I doubt that this is true.  The government almost certainly has a strategy; it just doesn’t want to tell us what its priorities, options and choices are, in case we, the public, should happen to disagree.  Their way is the only way.   It’s a fortress mentality – the same approach that they have taken to social protection, to Brexit, and to recent measures to help business.  And invariably it leads to worse decisions than there would be if the matter was opened to informed discussion.

One of the defining characteristics of a democracy, Joshua Cohen argues, is that it is ‘deliberative’: people are able to engage, to discuss and to disagree.  For any strategy to work in the current crisis, the government has to bring people along with it.  If they don’t consult about their options and choices, it puts compliance in jeopardy.  Imposing a single, authoritative policy is not ‘leadership’; it’s arrogance.

Additional note, 8th April I am feeling the same sense of irritation at statements that the government cannot ‘review’ its policy, as the Prime Minister promised.  It is too early to end the lock-down, they say.  ‘Review’ does not mean ‘bring to a close’; it means that one looks at a policy to see how it is working.  And it’s pretty clear that while some parts of the policy are working very well, others aren’t.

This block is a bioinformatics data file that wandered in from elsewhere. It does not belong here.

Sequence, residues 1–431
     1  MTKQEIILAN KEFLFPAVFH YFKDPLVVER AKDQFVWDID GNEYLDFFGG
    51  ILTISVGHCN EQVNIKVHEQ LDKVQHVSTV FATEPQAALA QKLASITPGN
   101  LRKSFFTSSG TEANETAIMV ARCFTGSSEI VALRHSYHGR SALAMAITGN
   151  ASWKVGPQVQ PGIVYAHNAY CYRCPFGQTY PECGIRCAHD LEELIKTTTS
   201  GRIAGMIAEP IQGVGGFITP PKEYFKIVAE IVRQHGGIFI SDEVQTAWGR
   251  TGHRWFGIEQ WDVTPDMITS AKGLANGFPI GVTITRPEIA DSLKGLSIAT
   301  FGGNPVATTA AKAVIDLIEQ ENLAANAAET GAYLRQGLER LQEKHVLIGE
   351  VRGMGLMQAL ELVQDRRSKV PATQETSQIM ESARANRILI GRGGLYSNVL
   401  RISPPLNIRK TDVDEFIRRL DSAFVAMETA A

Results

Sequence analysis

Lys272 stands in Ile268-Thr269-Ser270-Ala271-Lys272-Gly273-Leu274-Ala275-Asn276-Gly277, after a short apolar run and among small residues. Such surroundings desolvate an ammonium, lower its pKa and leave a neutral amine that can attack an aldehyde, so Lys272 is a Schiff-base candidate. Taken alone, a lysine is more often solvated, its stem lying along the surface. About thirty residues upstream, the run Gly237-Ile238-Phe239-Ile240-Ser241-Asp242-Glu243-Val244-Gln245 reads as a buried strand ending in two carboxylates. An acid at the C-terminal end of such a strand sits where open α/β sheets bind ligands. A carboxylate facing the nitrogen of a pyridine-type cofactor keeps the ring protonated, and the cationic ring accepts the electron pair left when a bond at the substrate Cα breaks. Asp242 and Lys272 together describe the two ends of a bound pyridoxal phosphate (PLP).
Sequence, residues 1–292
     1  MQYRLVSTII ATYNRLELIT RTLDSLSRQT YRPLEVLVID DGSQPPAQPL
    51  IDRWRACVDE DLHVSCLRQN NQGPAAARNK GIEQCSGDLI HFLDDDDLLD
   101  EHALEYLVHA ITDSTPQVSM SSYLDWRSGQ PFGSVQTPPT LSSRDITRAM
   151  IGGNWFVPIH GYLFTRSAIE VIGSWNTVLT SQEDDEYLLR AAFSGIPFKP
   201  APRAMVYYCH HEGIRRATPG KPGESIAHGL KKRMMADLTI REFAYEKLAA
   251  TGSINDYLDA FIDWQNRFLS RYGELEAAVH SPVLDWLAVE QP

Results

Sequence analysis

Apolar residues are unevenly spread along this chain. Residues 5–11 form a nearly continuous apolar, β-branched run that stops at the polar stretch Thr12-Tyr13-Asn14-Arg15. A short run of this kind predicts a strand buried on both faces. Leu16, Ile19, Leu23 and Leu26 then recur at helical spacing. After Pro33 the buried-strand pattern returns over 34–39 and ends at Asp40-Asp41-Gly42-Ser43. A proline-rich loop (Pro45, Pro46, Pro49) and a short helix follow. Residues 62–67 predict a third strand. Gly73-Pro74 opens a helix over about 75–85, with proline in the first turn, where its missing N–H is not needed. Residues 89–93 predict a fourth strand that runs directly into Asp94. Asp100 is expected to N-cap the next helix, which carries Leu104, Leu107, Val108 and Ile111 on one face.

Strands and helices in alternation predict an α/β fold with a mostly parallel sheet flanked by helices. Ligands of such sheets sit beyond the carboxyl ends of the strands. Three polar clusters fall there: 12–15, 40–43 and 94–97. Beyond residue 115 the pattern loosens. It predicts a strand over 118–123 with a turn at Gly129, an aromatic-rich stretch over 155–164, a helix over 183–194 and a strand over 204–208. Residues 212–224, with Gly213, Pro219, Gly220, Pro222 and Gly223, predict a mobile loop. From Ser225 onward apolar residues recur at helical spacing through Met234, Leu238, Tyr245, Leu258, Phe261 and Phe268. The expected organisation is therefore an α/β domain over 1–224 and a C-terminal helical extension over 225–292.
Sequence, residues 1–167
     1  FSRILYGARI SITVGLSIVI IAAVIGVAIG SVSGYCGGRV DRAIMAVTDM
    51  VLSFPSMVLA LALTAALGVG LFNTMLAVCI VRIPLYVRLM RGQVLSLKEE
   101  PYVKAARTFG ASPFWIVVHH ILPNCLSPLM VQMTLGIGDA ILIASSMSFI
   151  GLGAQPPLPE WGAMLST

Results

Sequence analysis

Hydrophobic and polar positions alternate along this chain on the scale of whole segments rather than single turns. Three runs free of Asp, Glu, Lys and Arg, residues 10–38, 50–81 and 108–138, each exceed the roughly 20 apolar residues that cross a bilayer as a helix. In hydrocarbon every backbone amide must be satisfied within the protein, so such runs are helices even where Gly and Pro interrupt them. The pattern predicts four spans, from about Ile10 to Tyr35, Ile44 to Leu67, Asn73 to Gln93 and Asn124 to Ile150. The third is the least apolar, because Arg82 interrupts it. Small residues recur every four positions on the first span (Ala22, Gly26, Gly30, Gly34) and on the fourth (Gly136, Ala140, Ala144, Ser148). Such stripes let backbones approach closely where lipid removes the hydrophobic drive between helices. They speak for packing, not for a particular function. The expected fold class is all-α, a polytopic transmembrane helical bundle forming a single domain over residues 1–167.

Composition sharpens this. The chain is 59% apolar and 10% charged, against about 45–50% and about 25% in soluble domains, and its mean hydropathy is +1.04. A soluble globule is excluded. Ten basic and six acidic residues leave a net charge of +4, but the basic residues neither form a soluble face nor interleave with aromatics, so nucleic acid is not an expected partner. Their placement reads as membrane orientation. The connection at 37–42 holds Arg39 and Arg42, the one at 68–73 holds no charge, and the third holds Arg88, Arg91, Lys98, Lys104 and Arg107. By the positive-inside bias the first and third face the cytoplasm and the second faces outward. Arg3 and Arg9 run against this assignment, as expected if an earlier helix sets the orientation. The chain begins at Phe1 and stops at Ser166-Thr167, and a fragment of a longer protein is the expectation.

The bits that are working:

  • there has been excellent compliance from the bulk of the population, slowing the spread.  We don’t need full compliance; we just need there to be enough.
  • time has been bought for the NHS to cope – we have reasonable hopes that what happened in Italy will not happen here.
  • food distribution – the supermarkets have done brilliantly.

The bits that aren’t:

  • social care provision – the model that depends on multiple visits by peripatetic staff doesn’t work
  • the protection of front line workers
  • the protection of people’s incomes 
  • management of access to public spaces, such as parks – closing them is bad practice
  • restrictions which have nothing to do with the spread of the disease – the ending of legal transactions, stopping people going to allotments, visits to second homes (the test is social distancing, not travel) and over-zealous policing.  Whatever happened to ‘reasonable’ grounds  for going out?
  • policing of abuses.  Where is the heavy equipment that was supposed to be used for major construction projects today?   (I ask because I already know it’s not where it’s supposed to be.)

The UK’s response to coronavirus has been marked by incompetence.